a map of the significant conquests and movements of Genghis Khan and his generals

The Mongols invaded Volga Bulgaria from 1223 until 1236. The Bulgar state, located on the lower Kama and Volga, was Eurasia’s fur trade epicenter throughout history. Before the Mongol invasion, Russians from Vladimir and Novgorod stole and invaded the Bulgar Empire, diminishing its military capability and economy.

In late 1223 or early 1224, Vladimir ambushed the Mongols. There were several clashes between 1229 and 1234, and the Mongol Empire subjugated the Bulgars in 1236.

Western Xia and Jin Dynasty Alliance

The Tanguts’ Western Xia had previously refused to join the Mongol war with the Khwarezmid Empire. Western Xia and the defeated Jin dynasty formed a partnership to confront the Mongols, hoping that the Khwarazmians’ campaign would stop the Mongols from countering effectively.

In 1226, Genghis Khan launched a punitive attack against the Tanguts, having just returned from the west. Ganzhou, His army rapidly conquered Heisui and Suzhou, and Xiliang-fu was conquered in the fall.

One of the Tangut generals contested the Mongols in a battle near the Helan Mountains but was defeated. In November, Genghis Khan besieged the Tangut city of Lingzhou and defeated the Tangut rescue force by crossing the Yellow River. Genghis Khan’s army razed to the ground the Tangut capital of Ning Hia in 1227 and continued to march in the spring, conquering Xindu-fu and Deshun province and Lintiao-fu, Xining province in rapid succession. Genghis Khan relocated to Liupanshan after capturing Deshun to avoid the harsh summer.

Soon after, the new Tangut emperor promptly submitted to the Mongols, and the Tanguts soon followed suit. Genghis Khan, enraged by their betrayal and defiance, ordered the execution of the whole imperial family, thus putting an end to the Tangut royal bloodline

All in all, the Mongolian Empire seized control of around 9 million square miles of territory.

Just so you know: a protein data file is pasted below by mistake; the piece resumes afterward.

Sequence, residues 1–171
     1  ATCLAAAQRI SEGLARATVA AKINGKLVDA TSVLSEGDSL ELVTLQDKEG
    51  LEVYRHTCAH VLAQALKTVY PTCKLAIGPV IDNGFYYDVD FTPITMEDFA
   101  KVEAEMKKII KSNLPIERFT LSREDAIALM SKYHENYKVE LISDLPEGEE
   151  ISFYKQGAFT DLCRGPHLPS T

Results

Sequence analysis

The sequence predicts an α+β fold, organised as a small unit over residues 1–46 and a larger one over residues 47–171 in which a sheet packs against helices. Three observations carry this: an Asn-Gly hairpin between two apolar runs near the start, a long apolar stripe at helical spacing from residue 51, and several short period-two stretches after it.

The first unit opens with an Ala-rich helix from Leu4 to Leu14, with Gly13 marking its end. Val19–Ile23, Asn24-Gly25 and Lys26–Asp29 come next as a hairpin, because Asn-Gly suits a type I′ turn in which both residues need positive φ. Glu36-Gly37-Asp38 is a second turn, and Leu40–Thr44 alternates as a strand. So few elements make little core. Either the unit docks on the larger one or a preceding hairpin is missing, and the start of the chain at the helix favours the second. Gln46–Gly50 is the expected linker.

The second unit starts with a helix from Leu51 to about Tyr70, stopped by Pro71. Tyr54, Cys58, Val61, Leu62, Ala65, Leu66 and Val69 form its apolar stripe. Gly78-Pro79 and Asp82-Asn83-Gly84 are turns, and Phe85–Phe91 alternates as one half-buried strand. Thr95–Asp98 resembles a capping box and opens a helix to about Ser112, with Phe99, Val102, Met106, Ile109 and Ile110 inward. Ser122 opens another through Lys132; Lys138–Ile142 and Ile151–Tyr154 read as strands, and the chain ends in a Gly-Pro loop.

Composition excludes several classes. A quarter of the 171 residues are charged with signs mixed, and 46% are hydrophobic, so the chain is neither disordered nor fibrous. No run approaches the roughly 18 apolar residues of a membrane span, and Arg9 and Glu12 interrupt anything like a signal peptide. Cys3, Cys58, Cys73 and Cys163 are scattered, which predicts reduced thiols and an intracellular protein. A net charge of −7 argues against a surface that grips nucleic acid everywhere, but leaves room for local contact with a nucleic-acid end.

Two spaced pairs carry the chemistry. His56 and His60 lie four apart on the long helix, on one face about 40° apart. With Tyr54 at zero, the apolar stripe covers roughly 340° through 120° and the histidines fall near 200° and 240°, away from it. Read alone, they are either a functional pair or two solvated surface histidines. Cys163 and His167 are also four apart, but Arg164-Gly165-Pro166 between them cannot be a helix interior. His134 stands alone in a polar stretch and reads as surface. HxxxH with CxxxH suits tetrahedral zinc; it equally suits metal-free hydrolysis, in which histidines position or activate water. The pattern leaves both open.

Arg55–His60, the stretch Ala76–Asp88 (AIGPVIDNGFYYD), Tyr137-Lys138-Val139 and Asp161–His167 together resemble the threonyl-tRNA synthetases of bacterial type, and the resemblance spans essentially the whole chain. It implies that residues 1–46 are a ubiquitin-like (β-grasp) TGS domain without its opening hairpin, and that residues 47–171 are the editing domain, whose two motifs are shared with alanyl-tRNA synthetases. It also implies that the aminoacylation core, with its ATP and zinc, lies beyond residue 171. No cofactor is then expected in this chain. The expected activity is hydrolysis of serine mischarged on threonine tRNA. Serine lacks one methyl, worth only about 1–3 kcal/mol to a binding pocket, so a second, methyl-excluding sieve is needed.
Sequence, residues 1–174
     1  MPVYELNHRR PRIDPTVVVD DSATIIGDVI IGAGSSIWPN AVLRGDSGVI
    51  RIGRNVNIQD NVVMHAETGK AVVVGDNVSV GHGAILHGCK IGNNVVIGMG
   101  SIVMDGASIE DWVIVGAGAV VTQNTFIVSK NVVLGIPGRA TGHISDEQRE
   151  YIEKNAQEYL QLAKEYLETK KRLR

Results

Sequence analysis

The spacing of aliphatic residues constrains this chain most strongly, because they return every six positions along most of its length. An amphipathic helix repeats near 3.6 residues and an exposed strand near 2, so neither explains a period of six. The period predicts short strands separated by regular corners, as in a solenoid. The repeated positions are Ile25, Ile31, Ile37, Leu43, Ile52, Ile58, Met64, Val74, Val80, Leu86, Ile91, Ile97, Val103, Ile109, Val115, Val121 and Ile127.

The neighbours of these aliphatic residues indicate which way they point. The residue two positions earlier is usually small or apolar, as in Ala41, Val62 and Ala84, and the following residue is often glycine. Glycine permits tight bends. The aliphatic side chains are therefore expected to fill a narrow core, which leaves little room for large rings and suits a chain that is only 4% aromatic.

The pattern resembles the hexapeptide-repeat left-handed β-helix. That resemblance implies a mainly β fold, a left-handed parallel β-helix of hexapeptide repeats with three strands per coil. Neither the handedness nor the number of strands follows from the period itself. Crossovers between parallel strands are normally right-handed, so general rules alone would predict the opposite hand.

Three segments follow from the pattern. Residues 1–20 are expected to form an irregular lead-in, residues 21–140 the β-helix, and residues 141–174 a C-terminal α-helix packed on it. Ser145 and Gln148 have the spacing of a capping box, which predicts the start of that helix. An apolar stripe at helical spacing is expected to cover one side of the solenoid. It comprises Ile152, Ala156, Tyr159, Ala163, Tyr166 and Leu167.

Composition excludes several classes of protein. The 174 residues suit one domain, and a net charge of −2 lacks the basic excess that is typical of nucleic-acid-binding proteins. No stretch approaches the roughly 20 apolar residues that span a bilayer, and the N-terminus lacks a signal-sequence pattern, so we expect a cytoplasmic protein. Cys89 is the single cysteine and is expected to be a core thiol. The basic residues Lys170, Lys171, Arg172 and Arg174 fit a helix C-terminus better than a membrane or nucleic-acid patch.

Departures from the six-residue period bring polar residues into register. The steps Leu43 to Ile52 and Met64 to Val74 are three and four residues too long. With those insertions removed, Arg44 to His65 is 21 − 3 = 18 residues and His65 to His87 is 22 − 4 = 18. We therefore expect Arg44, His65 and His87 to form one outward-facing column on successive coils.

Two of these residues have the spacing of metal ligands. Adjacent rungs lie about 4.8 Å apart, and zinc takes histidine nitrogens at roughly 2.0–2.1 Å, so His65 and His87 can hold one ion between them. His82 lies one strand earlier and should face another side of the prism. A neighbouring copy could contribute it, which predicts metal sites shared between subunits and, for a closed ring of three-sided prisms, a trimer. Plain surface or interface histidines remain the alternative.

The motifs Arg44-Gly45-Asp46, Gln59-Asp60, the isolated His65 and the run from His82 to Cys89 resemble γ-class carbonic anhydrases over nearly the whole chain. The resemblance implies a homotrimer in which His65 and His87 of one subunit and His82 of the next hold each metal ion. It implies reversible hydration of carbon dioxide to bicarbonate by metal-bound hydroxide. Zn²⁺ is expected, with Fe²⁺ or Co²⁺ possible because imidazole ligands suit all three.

Timeline of the Mongol Empire During Genghis Khan’s Rule [8]

Timeline of the Mongol Empire During Genghis Khan’s Rule

The Mongolian Force

Indeed, it is a wonder how the nomadic tribes of Central Asia managed to expand their influence and amassed territories beyond the 13th Century’s imagination. But, historians believe that Genghis Khan’s clever politics and military tactics built what would be the largest contiguous empire in the world.

Genghis Khan’s Army

The Mongol armies were the supreme power on the battlegrounds of Asia and Europe. Absolute discipline, a well-understood chain of command, a great communications system, exceptional mobility, and a cohesive and highly effective tactical organization and doctrine defined Mongol troops, made up of talented fighters well trained in shooting and horseback. [5]

Only 23,000 horsemen made up the nucleus of Genghis Khan’s army, who fought with hand axes and composite bows and were covered by waterproof leather armor. Engineers from China and the Middle East were employed to attack fortified cities with catapults and other siege weapons.

Alexander the Great and Genghis Khan both had armies of similar size. The Mongol army was organized into 10-man squads, 100-man companies, 1,000-man battalions, and 10,000-man divisions, with a 10,000-man imperial guard guarding the khan and prominent generals. An army of 100,000 fighting men may be transported in a large city-sized caravan with support animals and family members. [6]

In reality, the Mongol army was typically significantly smaller than those of its main enemies. Genghis Khan’s largest force was the one he used to conquer the Khwarizmian Empire: less than 240,000 warriors. Mongol armies conquered Russia, and Central and Eastern Europe never totaled more than 150,000 warriors. [9]

The Mongol army’s superior agility was due to quality, not quantity, and organizational simplicity.

Genghis Khan’s Military Generals

Mongolian horse riders take part in the traditional outdoor historical show of the Genghis Khan era in Ulaanbaatar, Mongolia